We know all about Vlad Jr.’s potential. From his gaudy minor league numbers to his Hall of Fame bloodlines, Guerrero Jr. has been tabbed as the face (or one of the faces) of the Blue Jays rebuild. He debuted last season at just 20 years-old, but didn’t exactly set the world on fire. He hit .272/.339/.433 (105 wRC+) with 15 homers in 514 plate appearances. Did he have some impressive moments? Without a doubt. But the consistency wasn’t there. And to be fair, not many 20 year-olds get a chance to play at the highest level, let alone dominate from the get go.
After coming up as a third baseman, Toronto moved Guerrero Jr. to first base and designated hitter seemingly for good this year. He has still taken grounders at third, but first base seemed like the logical endpoint even before the decision was made. Defense just isn’t his strong suit, but his bat has more than enough potential to carry at an offensive-demanding spot like first base or DH.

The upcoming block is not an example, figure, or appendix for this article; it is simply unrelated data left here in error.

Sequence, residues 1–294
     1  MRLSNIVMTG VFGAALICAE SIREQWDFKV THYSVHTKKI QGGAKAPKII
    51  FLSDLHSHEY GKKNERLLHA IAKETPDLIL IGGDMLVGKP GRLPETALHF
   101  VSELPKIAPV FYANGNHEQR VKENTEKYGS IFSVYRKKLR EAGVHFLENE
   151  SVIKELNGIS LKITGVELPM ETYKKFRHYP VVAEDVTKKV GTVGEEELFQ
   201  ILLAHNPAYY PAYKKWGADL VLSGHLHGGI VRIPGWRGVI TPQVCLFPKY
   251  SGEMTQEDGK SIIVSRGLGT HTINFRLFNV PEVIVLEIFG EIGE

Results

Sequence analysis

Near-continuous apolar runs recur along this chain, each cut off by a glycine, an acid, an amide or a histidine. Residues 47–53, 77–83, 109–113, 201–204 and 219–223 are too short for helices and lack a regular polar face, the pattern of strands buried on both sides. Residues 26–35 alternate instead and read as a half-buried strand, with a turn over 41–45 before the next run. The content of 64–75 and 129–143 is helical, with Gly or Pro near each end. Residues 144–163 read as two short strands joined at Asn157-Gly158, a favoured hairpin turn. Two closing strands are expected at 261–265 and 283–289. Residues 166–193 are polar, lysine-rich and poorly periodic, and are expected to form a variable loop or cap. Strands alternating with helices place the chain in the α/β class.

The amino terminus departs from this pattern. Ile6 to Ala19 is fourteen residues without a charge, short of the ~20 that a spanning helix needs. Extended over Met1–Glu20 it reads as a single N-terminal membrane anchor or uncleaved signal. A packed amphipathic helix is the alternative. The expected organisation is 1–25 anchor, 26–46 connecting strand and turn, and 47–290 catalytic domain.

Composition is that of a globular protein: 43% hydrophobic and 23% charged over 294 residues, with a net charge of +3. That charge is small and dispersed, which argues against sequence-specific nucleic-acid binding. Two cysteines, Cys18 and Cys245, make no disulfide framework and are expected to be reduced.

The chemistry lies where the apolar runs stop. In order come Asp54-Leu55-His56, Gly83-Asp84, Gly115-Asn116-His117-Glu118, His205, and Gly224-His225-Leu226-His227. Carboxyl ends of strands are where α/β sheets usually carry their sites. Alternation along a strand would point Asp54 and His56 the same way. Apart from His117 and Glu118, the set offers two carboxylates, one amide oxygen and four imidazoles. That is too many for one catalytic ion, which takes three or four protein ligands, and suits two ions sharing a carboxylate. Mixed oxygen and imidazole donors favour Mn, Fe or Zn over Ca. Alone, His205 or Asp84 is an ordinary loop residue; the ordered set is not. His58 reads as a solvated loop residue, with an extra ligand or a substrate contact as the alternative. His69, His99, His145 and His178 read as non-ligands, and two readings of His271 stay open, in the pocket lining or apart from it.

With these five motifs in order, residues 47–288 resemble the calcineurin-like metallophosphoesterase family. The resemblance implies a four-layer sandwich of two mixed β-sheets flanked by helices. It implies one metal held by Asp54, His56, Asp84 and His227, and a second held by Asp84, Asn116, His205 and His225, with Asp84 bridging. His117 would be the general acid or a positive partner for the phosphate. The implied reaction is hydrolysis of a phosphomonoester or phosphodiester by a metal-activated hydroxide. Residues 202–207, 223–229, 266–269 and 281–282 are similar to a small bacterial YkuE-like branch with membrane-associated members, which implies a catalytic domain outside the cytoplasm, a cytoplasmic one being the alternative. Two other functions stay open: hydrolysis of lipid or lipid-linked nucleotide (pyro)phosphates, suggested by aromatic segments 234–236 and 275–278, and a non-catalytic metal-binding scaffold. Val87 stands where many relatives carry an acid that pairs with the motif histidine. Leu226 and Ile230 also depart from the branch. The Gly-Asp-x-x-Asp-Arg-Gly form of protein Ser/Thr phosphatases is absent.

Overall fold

This year, Vlad Jr. has a .259/.338/.455 (114 wRC+) triple-slash and six homers in 160 plate appearances. It’s a fine batting line, but it’s not quite up to expectations still. He’s hitting the snot out of the baseball (87th percentile in hard hit percentage), but he simply hits far too many balls into the ground. This was a problem we knew about last year, and yet, it’s only gotten worse.
In 2019, Guerrero Jr. had a 49.6 percent ground ball rate and hit 1.5 grounders for every fly ball. This year, he’s up to 57.3 percent and 2.3. That’s not good! He can crush the ball all he wants, but if he can’t figure out how to get more lift, he’s never going to grow into his power potential. Fortunately, he’s still producing at an above-average level as a 21 year-old despite this flaw. He’s still got plenty of time to sort things out. When and if he does, look out.
- Cavan Biggio, 2B
- Randal Grichuk, CF
- Vladimir Guerrero Jr., 1B
- Rowdy Tellez, DH
- Lourdes Gurriel Jr., LF
- Jonathan Villar, SS
- Travis Shaw, 3B
- Danny Jansen, C
- Derek Fisher, RF
- Caleb Joseph, C
- Santiago Espinal, INF
- Joe Panik, INF
- Teoscar Hernández, OF (injured, roster move likely before series starts)